Fund bosses' average pay is $328,600 Those who run stocks tend to do better than the bond crowd

Managing very well, indeed

But a bear market might take something out of the old paycheck

September 01, 1997|By BLOOMBERG NEWS

BOSTON -- They may not be in the same league as an all-star pitcher, a Hollywood sitcom star or even a Wall Street investment banker. Still, few other professions pay better these days than managing a mutual fund.

Mutual fund managers were paid an estimated $328,600 on average last year, according to Buck Consultants Inc.

"The mutual fund industry is one of the highest paying in the world," said Robert Patrick, president of Diversified Management Resources Inc., a Boston-based executive search firm.

The average fund manager with five years' experience took home anywhere from $185,000 to almost $2 million in cash compensation last year, excluding stock options, according to a survey of about 200 portfolio managers at 52 companies.

Stock fund managers generally earned more money than did their bond fund counterparts, and the average salary increase was 15 percent, or almost five times last year's U.S. inflation rate, said Paul Gavejian, compensation consultant at Buck Consultants in Stamford, Conn., who put the firm's survey together.

The average pay increase was below the 19.5 percent that the average stock fund gained in 1996 and below the industry's asset growth rate, which was 25 percent.

Hedge fund managers can make even bigger salaries if the funds they run do well, because they get 20 percent of a fund's net profits. If a manager oversees a $5 million fund and the fund goes up 100 percent, the manager stands to make $1 million.

Moreover, the average investment banker with five years of experience since graduating from business school earned closer to $400,000, according to Russell Reynolds Associates, an executive search firm in New York.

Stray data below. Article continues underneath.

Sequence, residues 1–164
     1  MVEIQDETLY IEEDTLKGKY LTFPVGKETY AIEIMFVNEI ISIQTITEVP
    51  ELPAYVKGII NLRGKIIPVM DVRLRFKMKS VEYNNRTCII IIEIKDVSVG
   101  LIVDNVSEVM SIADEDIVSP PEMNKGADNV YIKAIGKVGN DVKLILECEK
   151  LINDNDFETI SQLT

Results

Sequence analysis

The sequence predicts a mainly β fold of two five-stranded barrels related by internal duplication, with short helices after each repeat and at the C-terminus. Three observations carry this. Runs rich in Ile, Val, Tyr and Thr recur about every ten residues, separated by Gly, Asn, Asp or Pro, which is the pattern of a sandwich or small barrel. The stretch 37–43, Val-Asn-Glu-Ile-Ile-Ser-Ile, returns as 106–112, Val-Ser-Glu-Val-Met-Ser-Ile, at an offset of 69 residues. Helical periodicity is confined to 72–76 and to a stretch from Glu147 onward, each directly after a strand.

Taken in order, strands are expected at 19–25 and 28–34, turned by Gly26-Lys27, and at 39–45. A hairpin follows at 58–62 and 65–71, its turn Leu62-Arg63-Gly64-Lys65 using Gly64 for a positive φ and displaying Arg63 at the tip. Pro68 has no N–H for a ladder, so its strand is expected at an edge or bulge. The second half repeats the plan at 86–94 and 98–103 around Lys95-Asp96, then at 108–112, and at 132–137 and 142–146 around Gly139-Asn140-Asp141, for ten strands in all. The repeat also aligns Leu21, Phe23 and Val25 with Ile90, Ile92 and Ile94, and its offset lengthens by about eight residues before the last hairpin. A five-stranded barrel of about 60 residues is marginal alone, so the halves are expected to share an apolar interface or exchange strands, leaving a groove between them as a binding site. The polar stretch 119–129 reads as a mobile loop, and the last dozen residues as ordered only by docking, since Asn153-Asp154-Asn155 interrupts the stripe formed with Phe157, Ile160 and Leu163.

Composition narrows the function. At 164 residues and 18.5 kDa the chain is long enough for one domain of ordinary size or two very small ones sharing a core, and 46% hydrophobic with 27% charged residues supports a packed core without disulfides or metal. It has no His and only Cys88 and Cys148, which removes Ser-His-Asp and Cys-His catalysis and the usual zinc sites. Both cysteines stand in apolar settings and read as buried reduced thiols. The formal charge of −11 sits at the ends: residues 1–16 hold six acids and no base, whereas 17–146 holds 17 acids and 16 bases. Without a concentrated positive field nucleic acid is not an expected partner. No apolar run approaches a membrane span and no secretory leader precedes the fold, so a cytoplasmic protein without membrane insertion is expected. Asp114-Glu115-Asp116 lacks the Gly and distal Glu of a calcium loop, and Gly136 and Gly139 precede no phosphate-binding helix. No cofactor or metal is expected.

"Money manager salaries will come down if there's a bear market, but who knows when that might happen?" Gavejian said.

Fund managers say the high salaries they earn are justified. It's a highly competitive business where performance is measured carefully and managers are rarely given more than three years to prove their mettle.

"Fund managers earn every cent," said Patrick Adams, manager of the $2 billion Berger 100 Fund. "It's a high-pressure job, and the people that do well at it should be compensated."

And some fund companies are under pressure internally to increase compensation for top-ranked managers, or risk losing them.

This year, Fidelity Investments is issuing to some fund managers a new class of preferred stock that's designed to boost compensation and stem turnover. Boston-based Fidelity is taking the step after losing about 20 fund managers since early last year, some of whom left for the opportunity to make more money.

Just last week, Fred Kobrick, a veteran fund manager at Boston's State Street Research & Management Co., said he was resigning after 13 years at the firm to start his own money management firm.

Kobrick and a long list of other fund managers that includes John Gillespie, who previously worked at T. Rowe Price Associates Inc., are hoping to seize the opportunity posed by the millions of dollars that keep pouring into investment funds.

It's a risk, especially with U.S. stocks showing signs that the 15-year bull market rally may be running out of steam. Still, managers such as Kobrick are undeterred, even if it means risking the loss of a steady paycheck.

In a nutshell, it's the managers' ability to attract assets as much as how they perform that determines how much money they make, Buck's Gavejian said.

The Buck Consultants survey is somewhat skewed because it includes just a quarter of the nation's biggest fund groups, and securities firms, banks and insurance companies that offer mutual funds. The survey also doesn't include many of the smaller fund groups that offer funds.

"Small companies pay big compensation, too, so the sample in the survey is an accurate reflection of the marketplace," Gavejian said.

Buck Consultants has done the annual survey the past 10 years. It's underwritten by fund companies and financial services companies. Buck Consultants sends out questionnaires in April to about 200 companies to determine the compensation levels of about 100 mutual fund jobs, including fund managers.

Surveys like this should be taken with a grain of salt, said Lawrence M. Lieberman, president of Robert H. Wadsworth & Associates Inc., an executive search firm in New York.

"You can't make generalizations about what fund managers earn," Lieberman said. "It varies widely depending on whether the manager works at a bank, insurance company, brokerage firm or independent fund group."

It's a lot like movie stars, who live and die by their last film.

Pub Date: 9/01/97

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